"In Cambodia, diabetes ranks in the top ten for both causing the most premature deaths and for health problems resulting in the most disability."
Diabetes poses significant health risks in Cambodia, with over six per cent of the population estimated to have the disease. Left untreated, high blood sugar caused by diabetes can seriously damage parts of the body, including the feet, eyes, kidneys and blood vessels—leading to heart attack or stroke.
Diagnosis and management is affordable and practical in Cambodia but 64 per cent of people living with diabetes are unaware they have the condition, causing life-threatening and costly complications.
Diabetes and COVID-19
Evidence indicates diabetes is also a major risk factor predisposing individuals to severe and fatal cases of COVID-19; twenty-five percent of COVID-19 fatalities in the UK were diabetics.
As the COVID pandemic shows no sign of abating around the world, the need for Cambodians to know their diabetic status is more relevant than ever. Our team on the ground has therefore begun a pilot project, using our community connections and infrastructure, to screen some of the most vulnerable for diabetes. Many of our deminers already have medical training to equip them to deal with accidents or illness in the minefield and can be easily taught to administer the tests safely.
Protecting the Vulnerable
We have begun testing people across the districts of Kamrieng and Phnum Proek in Battambang province. The people of Battambang already face many hardships; the region has the highest rate of landmine accidents in Cambodia and the second highest disability rate. Kamrieng and Phnum Proek are two rural districts within the province where access to healthcare is limited and poverty levels are high.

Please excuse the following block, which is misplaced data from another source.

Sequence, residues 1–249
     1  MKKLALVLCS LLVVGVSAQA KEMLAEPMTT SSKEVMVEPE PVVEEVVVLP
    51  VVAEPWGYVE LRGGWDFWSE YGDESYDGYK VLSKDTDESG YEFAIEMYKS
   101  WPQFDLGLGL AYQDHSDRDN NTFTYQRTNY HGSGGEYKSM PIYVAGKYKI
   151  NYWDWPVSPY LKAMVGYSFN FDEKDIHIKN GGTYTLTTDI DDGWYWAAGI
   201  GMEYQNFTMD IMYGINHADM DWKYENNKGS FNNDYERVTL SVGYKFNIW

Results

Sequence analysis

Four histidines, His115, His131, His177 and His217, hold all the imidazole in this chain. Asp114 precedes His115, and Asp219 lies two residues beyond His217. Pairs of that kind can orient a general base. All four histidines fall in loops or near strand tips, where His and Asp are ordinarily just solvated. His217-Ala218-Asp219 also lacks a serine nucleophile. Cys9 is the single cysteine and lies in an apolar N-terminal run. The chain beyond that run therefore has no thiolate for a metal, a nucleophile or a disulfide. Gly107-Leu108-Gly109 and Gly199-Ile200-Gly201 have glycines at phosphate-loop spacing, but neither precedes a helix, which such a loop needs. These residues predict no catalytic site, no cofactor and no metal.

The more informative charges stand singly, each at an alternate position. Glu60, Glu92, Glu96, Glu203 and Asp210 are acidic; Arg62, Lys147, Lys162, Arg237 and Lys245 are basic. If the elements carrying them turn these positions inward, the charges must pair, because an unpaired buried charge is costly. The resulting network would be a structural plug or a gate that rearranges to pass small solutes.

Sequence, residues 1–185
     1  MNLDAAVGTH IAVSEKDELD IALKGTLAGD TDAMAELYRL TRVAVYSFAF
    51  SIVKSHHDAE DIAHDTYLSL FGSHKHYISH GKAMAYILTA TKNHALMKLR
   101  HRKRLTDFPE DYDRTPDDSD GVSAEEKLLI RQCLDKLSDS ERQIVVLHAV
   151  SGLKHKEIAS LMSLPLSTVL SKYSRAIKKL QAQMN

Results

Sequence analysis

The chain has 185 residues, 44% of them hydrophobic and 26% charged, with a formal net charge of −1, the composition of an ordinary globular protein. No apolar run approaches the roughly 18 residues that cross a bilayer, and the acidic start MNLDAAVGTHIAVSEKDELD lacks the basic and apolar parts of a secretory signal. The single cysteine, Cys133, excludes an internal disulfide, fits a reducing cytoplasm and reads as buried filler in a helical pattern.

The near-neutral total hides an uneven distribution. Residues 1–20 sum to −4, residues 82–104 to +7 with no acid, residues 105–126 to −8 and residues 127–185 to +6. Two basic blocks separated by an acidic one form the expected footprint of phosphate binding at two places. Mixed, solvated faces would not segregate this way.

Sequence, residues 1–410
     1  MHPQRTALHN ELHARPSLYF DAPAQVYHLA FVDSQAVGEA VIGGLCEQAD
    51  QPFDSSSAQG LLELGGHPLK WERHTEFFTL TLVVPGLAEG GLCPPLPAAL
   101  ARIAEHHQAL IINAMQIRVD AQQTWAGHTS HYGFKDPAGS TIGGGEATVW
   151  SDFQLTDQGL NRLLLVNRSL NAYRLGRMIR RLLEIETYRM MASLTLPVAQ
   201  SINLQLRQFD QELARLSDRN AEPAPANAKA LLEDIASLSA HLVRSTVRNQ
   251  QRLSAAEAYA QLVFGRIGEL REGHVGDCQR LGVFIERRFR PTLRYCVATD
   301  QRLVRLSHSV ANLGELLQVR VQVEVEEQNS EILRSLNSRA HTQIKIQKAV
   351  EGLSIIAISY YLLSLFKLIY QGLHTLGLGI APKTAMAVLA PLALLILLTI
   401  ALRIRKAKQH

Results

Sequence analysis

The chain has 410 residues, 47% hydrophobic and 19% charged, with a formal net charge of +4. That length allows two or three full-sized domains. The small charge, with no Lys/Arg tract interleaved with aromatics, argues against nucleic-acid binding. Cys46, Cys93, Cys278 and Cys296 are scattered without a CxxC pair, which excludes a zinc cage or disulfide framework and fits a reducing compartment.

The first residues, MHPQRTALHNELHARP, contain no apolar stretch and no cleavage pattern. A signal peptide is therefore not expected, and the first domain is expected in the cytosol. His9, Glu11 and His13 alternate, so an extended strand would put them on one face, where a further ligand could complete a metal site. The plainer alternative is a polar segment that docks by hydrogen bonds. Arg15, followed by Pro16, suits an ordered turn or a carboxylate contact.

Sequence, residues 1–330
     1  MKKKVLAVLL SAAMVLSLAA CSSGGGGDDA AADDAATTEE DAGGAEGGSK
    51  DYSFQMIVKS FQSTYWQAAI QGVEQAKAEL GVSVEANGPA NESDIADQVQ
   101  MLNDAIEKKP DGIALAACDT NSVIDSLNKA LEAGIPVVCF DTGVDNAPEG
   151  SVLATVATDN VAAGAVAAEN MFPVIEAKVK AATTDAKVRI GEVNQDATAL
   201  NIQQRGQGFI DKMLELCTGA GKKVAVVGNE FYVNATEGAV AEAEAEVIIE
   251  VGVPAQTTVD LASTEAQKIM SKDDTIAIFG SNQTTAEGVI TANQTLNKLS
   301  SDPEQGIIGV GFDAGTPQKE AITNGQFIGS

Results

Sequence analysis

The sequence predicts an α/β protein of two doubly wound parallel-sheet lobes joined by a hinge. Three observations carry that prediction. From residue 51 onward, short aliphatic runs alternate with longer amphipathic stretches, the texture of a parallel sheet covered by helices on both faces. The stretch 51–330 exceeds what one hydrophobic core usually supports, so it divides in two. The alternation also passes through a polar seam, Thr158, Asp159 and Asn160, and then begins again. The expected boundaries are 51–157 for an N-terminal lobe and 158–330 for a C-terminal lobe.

HALO has worked in Battambang province for decades, establishing strong connections with village chiefs. This has been crucial to setting up the project and ensuring high participation from residents of the 92 villages that HALO's testing teams will visit between August and October.
In partnership with provincial health authorities and the Ministry of Health, two medically trained HALO teams are traveling from village to village, carrying out simple finger-prick glucose tests and uploading data via smart tablets to a central database. Those who have blood glucose levels greater than 200mg/dL, are referred to Battamburg hospital which has an excellent diabetes clinic. Here they will receive further testing and treatment. Those testing positive are also given guidance leaflets on dietary and life-style changes to manage their condition. Advice is also given regarding enhanced vulnerability during COVID-19 to those testing positive
In August, the project tested over 2,850 people, 10 per cent of whom indicated positive for diabetes and were referred to hospital for treatment. By the end of October, our teams aim to have tested over 20,000 people.